Is it Safe? Realizing the Benefits for Digital Workplace Transformations

Don’t look now, but each day your work surroundings are getting smarter and more connected. But as advancements in mobility, IoT, cloud and artificial intelligence are increasingly adopted by facilities, manufacturing, IT and other departments, creating a digital workplace, proportionate levels of risk are also introduced.

For you on the front lines battling increasingly sophisticated cyberattacks, these new network-connected devices mean only more attack vectors to identify and protect against.

Results from an Aruba-sponsored research study further substantiate these additional risk exposures. While smarter workplaces enable employees to be more motivated, with higher rates of job satisfaction and an improved sense of well-being, they also cause workers to take more security risks.

Survey findings suggested that the problem is as much about human failures as it is system and digital workplace design. Employees continue to take risks around connectivity and information security, despite being highly aware of rising levels of cyberattacks.

Despite higher levels of cybersecurity awareness, the vast majority of respondents admitted they inadvertently jeopardized company security in the past 12 months through risky behaviors such as:

  • Sharing passwords and devices (70 percent)
  • Connecting to unsecure Wi-Fi networks with work-related devices, opening a door to potential hackers (30 percent)
  • Letting others work from their company issued devices, creating opportunities for data theft (25 percent)
  • Storing passwords on shared work devices, circumventing company security protocols (18 percent)

What Can a Security Pro Do?

To reduce risks during your organization’s journey to become a smart, digital workspace, consider keeping two checklists: one focused on process and people collaborating with your facilities and real estate teams, and another devoted to securing the new technologies enabling the digital transformation.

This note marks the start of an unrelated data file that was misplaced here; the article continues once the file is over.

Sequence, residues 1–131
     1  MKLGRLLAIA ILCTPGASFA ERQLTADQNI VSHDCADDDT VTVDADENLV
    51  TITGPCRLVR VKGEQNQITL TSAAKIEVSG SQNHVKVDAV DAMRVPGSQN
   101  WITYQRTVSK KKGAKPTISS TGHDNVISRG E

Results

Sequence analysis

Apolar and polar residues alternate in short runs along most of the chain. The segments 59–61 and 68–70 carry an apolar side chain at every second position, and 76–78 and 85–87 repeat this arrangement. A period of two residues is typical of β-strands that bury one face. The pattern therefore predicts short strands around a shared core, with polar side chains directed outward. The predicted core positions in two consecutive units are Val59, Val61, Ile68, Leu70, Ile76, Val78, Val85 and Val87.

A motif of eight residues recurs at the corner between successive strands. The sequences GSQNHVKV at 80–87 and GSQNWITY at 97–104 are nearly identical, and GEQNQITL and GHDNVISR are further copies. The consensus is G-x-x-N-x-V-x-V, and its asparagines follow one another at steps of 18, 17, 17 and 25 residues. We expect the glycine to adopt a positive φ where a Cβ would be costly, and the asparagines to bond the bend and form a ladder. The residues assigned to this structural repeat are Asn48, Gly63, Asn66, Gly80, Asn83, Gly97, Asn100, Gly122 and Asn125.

Below are suggestions for what to include on your lists.

Organizational (Process and People)

  • Create a digital workplace roadmap and identify the key technology elements.
  • Prioritize a technology strategy and road map to complement the organization’s digital strategy.
  • Partner with lines-of-business to agree to open and collaborative digital workplace design but keep security in mind.
  • Build collaborative and flexible workspaces that incorporate sensor-based intelligence to support efficient use of space through techniques such as “hot desking.”
  • Set goals to both drive and measure the continued transformation of the workplace and its underlying technologies.

Security (Technology and Deployment)

It is important to recognize that a new wave of IoT devices that facilitate smart buildings and digital workspaces will be connecting to the network—both wired and wirelessly—and that these devices are inherently insecure. In addition, digital workplaces are highly mobile experiences, which means how, where and when user devices connect to the network are unpredictable and difficult to control. These circumstances simply add to the increasingly dangerous threat environment and require special attention by the security team.

  • Set up an access control system that does not rely on virtual LANs and access control lists, but rather relies on the role of the user or device. By using role-based access control, authorization to use IT assets is independent of the connection. Centralized policies enable the security team to define who and what can connect without making physical network changes to account for new conditions.
  • Start with the building design and layout. Identify the devices that will come with the basic facility such as lighting controls, vending machines, etc. and define access policies that limit their traffic to exactly what they need to accomplish their job and nothing more.
  • Know what is on your network. Even with comprehensive planning, new devices will inevitably come on the network without IT’s knowledge. Employ a solution that continuously discovers and profiles new device connections so you can build the right policies to control them.
  • Continuously monitor network behavior. “Things” do not log. They rarely even carry rudimentary protections and generally cannot support an agent. But, they do have enough compute power to either initiate or participate in an attack. Hence, the only way to detect a compromised IoT device is to monitor its network traffic for changes in behavior.

This two-pronged approach will enable you to play a key role in your organization’s transformation to becoming a smart, digital workplace. By mitigating the risks, you enable other teams to realize the rewards.

For more information, please download the full survey report and an accompanying infographic.

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Larry Lunetta

Larry Lunetta

Larry Lunetta is VP of Marketing for Security Solutions at Aruba, a Hewlett Packard Enterprise company, bringing decades of leadership experience at various security-related firms. Patent-holder Lunetta was most recently with the UEBA start-up Niara, which was acquired by Aruba in 2017. Other companies he founded or led include ArcSight, PetaSecur, and Replay Solutions. Lunetta also guest lectures on entrepreneurship for the WP Carey School of Business at Arizona State University.

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